courtesy Campeggi

taught at various schools including Monash MADA, UTS Sydney; Turin Polytechnic, Italy;

pp. 6–7, Nuvola Rossa, bookshelf, Cassina, 1977, courtesy Cassina

Milan Polytechnic, Italy; and Mendrisio Academy of Architecture, Switzerland. Together with

pp. 8–9, Maralunga, armchair and sofa, Cassina, 1973, courtesy Cassina

Mauro, she is interested in a role for architecture that can extend its relationship with the nat-

pp. 10–11, Atollo, lamp, Oluce, 1977, courtesy Oluce

ural world towards one that supports all life. Recent outcomes of these interests include the

p. 13, Edison, table, Cassina, 1985, from Cassina catalogue

publication Robin Boyd: Spatial Continuity; Creative Direction of the Australian Pavilion with

pp. 14–15, Vidun, table, De Padova, 1987, courtesy De Padova, photo Luciano Soave

speculative design projects in collaboration with ecologists, landscape architects and artists.

p. 19, Sindbad, armchair and sofa, Cassina, 1981, courtesy Cassina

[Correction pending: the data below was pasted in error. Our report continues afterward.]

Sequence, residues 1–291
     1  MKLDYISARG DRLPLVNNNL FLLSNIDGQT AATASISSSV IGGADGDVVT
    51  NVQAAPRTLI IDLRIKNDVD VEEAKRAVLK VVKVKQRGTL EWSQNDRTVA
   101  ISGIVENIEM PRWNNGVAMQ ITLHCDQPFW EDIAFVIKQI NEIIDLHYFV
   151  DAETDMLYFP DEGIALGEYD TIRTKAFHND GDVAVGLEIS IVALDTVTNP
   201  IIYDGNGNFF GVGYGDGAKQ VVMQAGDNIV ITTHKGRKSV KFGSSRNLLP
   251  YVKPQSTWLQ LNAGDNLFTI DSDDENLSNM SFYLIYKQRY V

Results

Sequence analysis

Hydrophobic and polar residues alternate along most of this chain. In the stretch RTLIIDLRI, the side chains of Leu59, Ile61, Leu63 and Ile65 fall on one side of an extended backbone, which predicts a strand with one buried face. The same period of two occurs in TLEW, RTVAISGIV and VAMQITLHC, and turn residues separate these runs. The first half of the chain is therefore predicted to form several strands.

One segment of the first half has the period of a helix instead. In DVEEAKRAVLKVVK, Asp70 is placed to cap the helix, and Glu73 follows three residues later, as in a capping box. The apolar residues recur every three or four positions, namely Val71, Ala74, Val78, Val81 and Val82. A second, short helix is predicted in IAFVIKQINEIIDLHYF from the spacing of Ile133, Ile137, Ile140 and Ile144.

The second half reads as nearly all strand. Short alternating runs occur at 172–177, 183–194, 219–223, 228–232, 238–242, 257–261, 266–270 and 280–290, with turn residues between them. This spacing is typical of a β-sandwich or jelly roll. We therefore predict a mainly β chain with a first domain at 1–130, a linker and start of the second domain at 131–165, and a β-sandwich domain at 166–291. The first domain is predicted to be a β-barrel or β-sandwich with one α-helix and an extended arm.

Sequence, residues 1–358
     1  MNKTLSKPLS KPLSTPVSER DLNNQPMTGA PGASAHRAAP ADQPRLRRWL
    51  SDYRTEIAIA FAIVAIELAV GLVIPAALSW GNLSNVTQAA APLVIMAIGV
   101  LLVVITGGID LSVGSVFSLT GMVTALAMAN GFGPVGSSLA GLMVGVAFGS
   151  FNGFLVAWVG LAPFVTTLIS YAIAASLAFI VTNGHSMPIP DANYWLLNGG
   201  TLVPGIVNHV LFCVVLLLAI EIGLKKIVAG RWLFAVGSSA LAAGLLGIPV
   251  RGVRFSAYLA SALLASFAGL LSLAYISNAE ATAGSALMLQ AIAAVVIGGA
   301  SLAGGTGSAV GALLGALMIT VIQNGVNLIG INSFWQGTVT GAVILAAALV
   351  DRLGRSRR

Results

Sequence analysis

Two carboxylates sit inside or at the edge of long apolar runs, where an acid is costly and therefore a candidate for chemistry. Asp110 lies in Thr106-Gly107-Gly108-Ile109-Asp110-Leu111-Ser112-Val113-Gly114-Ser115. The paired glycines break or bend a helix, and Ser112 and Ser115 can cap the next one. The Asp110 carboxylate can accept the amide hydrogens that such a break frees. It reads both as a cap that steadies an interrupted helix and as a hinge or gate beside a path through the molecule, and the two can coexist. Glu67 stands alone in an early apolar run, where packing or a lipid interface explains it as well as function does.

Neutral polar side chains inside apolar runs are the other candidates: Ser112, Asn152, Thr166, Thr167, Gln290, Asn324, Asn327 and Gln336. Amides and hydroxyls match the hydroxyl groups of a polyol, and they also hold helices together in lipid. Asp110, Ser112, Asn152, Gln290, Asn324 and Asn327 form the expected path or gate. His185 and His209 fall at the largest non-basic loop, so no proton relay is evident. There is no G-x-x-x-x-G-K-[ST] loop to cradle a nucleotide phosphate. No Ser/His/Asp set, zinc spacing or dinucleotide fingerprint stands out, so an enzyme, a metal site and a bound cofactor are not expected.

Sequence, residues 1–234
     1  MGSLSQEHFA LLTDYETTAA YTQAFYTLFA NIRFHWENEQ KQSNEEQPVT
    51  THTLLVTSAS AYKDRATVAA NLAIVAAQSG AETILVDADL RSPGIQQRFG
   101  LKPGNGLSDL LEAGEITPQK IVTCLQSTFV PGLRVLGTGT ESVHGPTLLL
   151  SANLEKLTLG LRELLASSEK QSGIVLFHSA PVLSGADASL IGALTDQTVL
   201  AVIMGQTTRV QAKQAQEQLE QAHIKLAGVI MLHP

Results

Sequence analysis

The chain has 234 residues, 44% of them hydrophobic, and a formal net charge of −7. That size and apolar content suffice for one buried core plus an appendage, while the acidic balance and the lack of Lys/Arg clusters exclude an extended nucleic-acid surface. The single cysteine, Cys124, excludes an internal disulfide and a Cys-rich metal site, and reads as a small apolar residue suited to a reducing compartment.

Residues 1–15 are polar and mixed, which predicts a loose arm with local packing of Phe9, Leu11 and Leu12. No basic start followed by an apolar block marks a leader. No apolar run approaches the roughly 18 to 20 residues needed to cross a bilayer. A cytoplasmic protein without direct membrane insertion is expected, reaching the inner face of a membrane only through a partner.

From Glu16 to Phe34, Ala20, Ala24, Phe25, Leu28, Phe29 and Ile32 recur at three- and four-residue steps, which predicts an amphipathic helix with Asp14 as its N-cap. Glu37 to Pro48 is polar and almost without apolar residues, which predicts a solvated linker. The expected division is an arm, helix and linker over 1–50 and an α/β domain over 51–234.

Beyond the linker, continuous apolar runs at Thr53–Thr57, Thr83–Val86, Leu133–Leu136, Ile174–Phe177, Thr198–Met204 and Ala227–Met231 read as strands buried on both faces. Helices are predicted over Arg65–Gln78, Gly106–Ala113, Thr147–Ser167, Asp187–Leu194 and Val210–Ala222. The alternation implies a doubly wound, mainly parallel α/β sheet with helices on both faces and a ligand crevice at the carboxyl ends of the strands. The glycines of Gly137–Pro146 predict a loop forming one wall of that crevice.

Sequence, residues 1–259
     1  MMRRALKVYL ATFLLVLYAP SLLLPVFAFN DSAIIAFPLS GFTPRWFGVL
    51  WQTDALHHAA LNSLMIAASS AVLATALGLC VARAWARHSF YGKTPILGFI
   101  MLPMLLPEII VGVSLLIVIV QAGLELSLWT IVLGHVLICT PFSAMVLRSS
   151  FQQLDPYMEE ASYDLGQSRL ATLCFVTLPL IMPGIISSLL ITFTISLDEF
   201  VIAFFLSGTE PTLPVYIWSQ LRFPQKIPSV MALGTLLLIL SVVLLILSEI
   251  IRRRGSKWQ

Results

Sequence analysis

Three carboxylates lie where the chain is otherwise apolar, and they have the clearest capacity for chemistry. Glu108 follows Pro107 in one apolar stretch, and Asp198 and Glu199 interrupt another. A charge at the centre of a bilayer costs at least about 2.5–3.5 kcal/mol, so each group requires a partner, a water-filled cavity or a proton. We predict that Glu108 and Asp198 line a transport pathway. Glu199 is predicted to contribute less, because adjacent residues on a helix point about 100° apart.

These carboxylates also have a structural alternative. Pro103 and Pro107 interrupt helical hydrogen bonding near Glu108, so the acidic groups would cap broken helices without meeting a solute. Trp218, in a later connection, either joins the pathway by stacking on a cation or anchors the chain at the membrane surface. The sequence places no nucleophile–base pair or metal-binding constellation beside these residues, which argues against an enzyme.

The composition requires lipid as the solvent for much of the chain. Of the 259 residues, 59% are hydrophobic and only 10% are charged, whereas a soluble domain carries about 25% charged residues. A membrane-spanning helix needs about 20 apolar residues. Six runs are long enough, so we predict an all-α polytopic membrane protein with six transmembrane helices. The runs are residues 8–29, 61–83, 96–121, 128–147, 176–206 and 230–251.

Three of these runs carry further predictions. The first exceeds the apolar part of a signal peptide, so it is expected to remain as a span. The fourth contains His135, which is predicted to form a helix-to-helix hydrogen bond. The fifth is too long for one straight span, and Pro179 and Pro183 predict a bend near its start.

artist Linda Tegg at the Architecture Venice Biennale 2018 with the theme Repair, and built and

Lorenzo Bini, architect, was born in 1971. He studied in Milan and Oslo, graduated in 1998

p. 16–17, Selene, chair, Artemide, 1969, from ‘È nata una sedia’, Ottagono, no. 15, October 1969 p. 20, Monet, lamp, Oluce, 1980, courtesy Oluce

from Politecnico di Milano and worked for different offices in Milan and Rotterdam until

p. 21, Monet, lamp, Oluce, 1980, courtesy Oluce

2003 when he began his independent career, at first with a shared partnership named Studio-

p. 22, Pascal, lamp, Oluce, 1979, courtesy Oluce

metrico, then later with his own practice: BINOCLE. Lorenzo works on the transformation

p. 23, Pascal, lamp, Oluce, 1979, courtesy Oluce